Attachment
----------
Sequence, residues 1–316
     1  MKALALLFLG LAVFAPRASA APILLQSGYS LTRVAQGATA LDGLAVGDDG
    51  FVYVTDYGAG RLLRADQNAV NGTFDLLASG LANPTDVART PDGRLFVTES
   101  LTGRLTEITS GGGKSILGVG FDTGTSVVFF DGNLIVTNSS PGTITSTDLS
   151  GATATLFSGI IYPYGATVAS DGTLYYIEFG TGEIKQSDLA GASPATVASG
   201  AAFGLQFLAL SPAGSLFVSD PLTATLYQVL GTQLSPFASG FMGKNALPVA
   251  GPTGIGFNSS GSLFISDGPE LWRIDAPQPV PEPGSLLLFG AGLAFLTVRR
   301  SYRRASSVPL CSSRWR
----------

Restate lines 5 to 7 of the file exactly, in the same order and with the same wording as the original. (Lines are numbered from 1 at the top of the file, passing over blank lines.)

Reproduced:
   151  GATATLFSGI IYPYGATVAS DGTLYYIEFG TGEIKQSDLA GASPATVASG
   201  AAFGLQFLAL SPAGSLFVSD PLTATLYQVL GTQLSPFASG FMGKNALPVA
   251  GPTGIGFNSS GSLFISDGPE LWRIDAPQPV PEPGSLLLFG AGLAFLTVRR